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Tall Tales & Small Miracles

Tellin' Tales Theatre

at Live Bait Theater

By Justin Hayford

On numerous occasions during Tall Tales & Small Miracles writer-performers Tekki Lomnicki and Laura Dare say that "we are all the same person." As I listened to them speak or sing this sentiment with a kind of grade-school-teacher earnestness, I couldn't help but think just how unlike these two I am. I'm not one to name my theater company "Tellin' Tales"; that folksy apostrophe makes my toenails curl. I don't believe you can "build community through storytelling," as the company's meaningless mission statement declares. (What community? Whose stories?) And I'll never be one to subject an audience to 20 minutes of Kitaro-like preshow music, all electronic major seventh chords droning uninterrupted while birds chirp in the background, sounding like one of those environmental CDs designed to help you fall asleep.

I'm not much like the people in their opening-night crowd either, who seemed to hang on just about every word the performers uttered, then exploded into an exuberant standing ovation. Of course, every opening-night audience is papered with friends, supporters, and well-wishers, but this group seemed to border on the fanatical, howling at just about every joke no matter how broad the delivery or how telegraphed the punch line, murmuring affirmations when Lomnicki opened the show by saying she's part of "the tribe of people who like to tell good stories." The place felt more like a revival meeting than an off-night, off-Loop show, and storytelling was apparently the religion of choice.

There's no denying that Lomnicki and Dare are talented performers, creating a genuine rapport with the audience while gliding through about a dozen stories in a little over an hour. Under Domenick Danza's direction, the pair sprint amiably along, telling us abbreviated versions of their life stories (highly abbreviated in Dare's case). But Tall Tales feels more like a promo reel than a finished work, skipping from big moment to big laugh without much in between. The artists haven't done the hard detail work that might tie the evening together and give it real depth.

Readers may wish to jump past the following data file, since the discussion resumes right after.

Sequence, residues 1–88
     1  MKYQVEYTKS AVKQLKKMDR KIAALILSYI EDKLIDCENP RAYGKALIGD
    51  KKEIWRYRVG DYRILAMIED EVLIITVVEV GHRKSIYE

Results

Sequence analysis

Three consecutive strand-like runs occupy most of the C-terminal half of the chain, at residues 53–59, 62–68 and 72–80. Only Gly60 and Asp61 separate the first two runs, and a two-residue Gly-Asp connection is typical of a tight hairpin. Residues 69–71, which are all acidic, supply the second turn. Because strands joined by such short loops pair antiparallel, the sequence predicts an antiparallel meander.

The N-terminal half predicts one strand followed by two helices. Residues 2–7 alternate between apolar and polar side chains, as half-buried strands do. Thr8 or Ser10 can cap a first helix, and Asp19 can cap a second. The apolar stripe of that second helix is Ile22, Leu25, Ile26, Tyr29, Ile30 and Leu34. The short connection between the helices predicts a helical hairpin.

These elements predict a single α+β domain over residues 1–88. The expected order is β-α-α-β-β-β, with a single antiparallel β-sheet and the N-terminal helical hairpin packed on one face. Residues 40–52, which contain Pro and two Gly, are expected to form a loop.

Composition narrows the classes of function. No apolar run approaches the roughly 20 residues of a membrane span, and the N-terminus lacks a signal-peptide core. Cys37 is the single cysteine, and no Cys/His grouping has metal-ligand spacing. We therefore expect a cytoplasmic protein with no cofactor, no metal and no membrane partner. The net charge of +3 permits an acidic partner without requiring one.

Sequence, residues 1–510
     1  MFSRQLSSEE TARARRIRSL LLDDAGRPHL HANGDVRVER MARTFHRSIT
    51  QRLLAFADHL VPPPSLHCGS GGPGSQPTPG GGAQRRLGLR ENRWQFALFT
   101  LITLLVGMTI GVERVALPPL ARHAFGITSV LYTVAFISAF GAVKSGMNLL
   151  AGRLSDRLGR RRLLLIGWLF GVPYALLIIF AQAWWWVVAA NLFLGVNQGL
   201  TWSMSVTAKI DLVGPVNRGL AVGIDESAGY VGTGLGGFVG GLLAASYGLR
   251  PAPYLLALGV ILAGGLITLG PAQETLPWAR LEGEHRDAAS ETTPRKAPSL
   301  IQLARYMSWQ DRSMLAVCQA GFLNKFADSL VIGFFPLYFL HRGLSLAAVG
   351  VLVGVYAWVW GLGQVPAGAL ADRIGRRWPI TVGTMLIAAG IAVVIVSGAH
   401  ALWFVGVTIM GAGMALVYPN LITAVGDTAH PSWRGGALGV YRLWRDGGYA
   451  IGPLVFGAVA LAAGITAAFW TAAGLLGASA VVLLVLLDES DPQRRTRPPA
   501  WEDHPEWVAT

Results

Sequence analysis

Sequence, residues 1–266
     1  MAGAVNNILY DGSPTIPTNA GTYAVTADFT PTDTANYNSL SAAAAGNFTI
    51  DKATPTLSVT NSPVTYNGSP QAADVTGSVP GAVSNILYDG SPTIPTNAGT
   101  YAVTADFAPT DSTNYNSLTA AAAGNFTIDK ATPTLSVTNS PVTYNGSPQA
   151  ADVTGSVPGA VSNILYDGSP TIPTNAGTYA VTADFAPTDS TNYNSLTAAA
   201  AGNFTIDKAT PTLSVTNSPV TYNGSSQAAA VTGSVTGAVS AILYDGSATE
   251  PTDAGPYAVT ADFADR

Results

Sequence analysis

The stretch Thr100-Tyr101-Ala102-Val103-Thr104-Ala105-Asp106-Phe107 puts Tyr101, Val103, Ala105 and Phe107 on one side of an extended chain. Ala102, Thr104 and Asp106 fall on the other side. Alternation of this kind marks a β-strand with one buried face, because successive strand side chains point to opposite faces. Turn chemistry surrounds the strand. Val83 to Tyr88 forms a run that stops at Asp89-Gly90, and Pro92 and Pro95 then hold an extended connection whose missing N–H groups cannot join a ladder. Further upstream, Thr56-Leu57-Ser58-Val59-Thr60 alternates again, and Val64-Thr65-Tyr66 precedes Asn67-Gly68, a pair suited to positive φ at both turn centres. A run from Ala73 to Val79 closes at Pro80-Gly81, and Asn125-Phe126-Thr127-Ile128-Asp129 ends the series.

A story from the middle of the show is typical. In "Confessions of an Ex Fag Hag," Lomnicki--who's three and a half feet tall--tells us about her youthful days as a Bette Midler wannabe, slapping on flashy outfits and shaking it up with the boys at Bistro and Orbit Room. Like most of the stories in Tall Tales it veers wildly between charming candor (straight men would never tell Lomnicki she looks fabulous) and manufactured sentimentality (gay men teach her that being "different" is OK). The story builds to Lomnicki's reunion with Willie, a gay high school chum now dying of AIDS. Since we know almost nothing about Willie except that he likes disco music, his death seems a contrived platform for poignancy. It's no accident that after Willie's tragic two-minute demise he's never spoken of again.

For all its efforts toward homey frankness, Tall Tales is an evening of storytelling unwittingly patterned after Hollywood blockbusters, all highlight and precious little development, with themes as broad and unmistakable as those that make Contact such simpleminded drudgery. Granted, Lomnicki and Dare are far more interesting writers than the pinhead--or, more likely, the committee of pinheads--who wrote Contact, if only because they actually display a sense of humor. Dare goes off on a delightful jag about the commodification of female beauty in America, rapping, "Your neck looks like a turtle / You'll soon become infertile / Let's bring back the girdle." And Lomnicki gets lots of mileage out of the commercialization of Catholicism; hoping to "cure" her dwarfism, she sends away to Lourdes for a bottle of holy water and ends up with a plastic vial shaped like the Virgin Mary, a blue screw-off crown atop her head.

But Tall Tales suffers from the same ailment that afflicts so much autobiographical performance, as Lomnicki and Dare too often imagine every aspect of their personal lives to be plum material. Thankfully, they rarely fall into the self-pity trap, by and large maintaining a healthy irreverence for their own traumas and foibles. But when Lomnicki reads her own resume onstage while Dare impersonates a few officious secretaries and hard-ass bosses under whom Lomnicki suffered, it's clear that a wide gulf sometimes separates life and art.

In the end, it's hard to know what Lomnicki and Dare mean by insisting that "we are all the same people" when they spend the entire evening talking about themselves. Perhaps this bit of facile, feel-good pap is meant to deflect accusations of artistic self-absorption; if we're all the same person, then the performers are really telling our stories. But until they learn to flesh out and complicate their tales, the deeper resonance that might universalize their stories will elude them.

Art accompanying story in printed newspaper (not available in this archive): Tall Tales and Small Miracles theater still.

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